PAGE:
65
Q

what is a significant risk for the immobilized patient?

A

Deep vein thrombosis (DVT)

66
Q

what should the nurse do to prevent DVT in a patient with fracture?

A

The nurse encourages the patient to do active flexion-extension foot and ankle exercises and isometric contraction of the claf muscles (calf-pumping exercises) every hour while awake to decrease venous stasis in the unaffected limb.

67
Q

why should the nurse encourage the patient to move digits and joints distal to fracture injury hourly when awake?

A

to prevent problems related to inactivity.

68
Q

with internal fixation, who determines the amount of movement and weight-bearing stress teh extremity can withstand?

A

surgeon

69
Q

what are some biologically inert metal devices used for internal fixation?

A

stainless steel
vitallium
titanium

70
Q

how will the surgeon evaluate the alignment after metal devices for internal fixation have been applied?

A

X-ray

71
Q

how will the nurse teach a patient to prevent infection when using external fixator?

A

50/50; hydrogen peroxide and saline

72
Q

what is critical when external fixations are applied?

A

infection control

73
Q

what are measures that may reduce the incidence of fat emboli?

A

immediate immobilization of fractures (early surgical fixation.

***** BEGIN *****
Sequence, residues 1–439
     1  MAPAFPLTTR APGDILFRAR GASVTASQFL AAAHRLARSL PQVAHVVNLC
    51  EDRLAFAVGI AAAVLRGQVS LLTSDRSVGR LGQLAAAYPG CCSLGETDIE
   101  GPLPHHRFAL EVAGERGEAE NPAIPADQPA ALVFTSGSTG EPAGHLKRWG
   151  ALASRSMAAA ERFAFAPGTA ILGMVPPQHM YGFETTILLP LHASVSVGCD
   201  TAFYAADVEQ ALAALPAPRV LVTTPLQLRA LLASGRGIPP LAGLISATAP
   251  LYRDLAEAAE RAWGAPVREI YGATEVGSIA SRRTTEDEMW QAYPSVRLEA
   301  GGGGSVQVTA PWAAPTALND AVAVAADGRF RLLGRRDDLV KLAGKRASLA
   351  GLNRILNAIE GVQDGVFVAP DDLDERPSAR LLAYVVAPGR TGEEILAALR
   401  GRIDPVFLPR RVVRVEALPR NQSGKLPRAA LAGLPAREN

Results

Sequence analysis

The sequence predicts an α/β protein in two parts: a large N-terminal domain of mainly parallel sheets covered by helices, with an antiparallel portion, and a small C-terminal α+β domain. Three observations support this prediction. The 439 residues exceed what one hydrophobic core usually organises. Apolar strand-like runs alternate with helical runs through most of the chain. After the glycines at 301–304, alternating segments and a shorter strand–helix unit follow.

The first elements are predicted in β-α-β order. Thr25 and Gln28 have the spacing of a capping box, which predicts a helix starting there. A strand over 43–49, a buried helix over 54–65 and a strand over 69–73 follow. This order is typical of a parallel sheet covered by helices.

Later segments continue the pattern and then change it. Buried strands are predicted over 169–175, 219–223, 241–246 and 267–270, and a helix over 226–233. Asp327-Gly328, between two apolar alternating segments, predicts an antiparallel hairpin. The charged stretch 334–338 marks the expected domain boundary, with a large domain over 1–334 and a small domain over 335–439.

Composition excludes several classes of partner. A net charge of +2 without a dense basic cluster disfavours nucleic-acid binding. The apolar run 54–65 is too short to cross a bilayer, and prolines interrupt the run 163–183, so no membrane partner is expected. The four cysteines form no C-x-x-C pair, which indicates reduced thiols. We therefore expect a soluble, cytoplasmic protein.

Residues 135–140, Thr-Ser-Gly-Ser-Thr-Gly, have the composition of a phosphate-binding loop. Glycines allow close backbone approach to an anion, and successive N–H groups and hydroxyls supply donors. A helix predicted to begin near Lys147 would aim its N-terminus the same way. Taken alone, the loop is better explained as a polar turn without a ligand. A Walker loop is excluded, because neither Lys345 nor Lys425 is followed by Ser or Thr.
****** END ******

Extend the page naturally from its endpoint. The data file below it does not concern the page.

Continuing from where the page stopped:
minimal fracture manipulation.
adequate support from fractured bones during turing and positioning.
maintenance of fluid and electrolyte balance.

74
Q

risk factors for fat embolism syndrome

A

truama
fracture of long bones or pelvic bones
multiple fractures or crushing injuries

onset is rapid, with 24-72 hours of injury

75
Q

Nursing care for traction

A

set up by ortho tech
maintain the correct balance between the pulling and counter pull
weighs should be hanging freely.
watch positioning (semi Fowlers, Fowlers).
Do not position pt on affected side

76
Q

what is an example of a skin traction?

A

Buck’s traction

use to immobilize fractures of the proximal femur before surgical fixation.

77
Q

what should the nurse perform before a buck’s traction is applied

A

inspect the skin for abrasion and circulatory disturbances.

ensures the skin is dry.

78
Q

what are some complications that may develop as a result of skin traction?

A

skin breakdown
nerve pressure
circulatory impairment

79
Q

care of the patient in traction

A
TRACTION!!
Temperature (pt and extremity)
Ropes hang freely
Alignment
Circulation checks
Type and location of fracture
Increase fluid intake
Overhead trapeze 
No weight on bed or floor
80
Q

Assessment for patients on traction

A

check the amount of weight ordered (usually 5 to 10lbs)
if patients reports severe pain, maybe weights are too heavy.
assess neurovascular status (6 Ps!).
skin

81
Q

Two most common types of traction

A

skin

skeletal

82
Q

circulatory impairment in a patient with traction is manifested by

A

cold skin temperature
decrease peripheral pulses
slow capillary refill time
bluish skin.

83
Q

DVT a serious circulatory impairment may be manifested by

A

unilateral calf tenderness
warmth
redness
swelling

84
Q

Skin traction

A

used for short term treatment to control muscle spasms and to immobilize an area until skeletal traction or surgery is possible.
Tape, boots or splints applied directly to skin to maintain alignment assist in reduction.
weights 5 to 10 lbs.

85
Q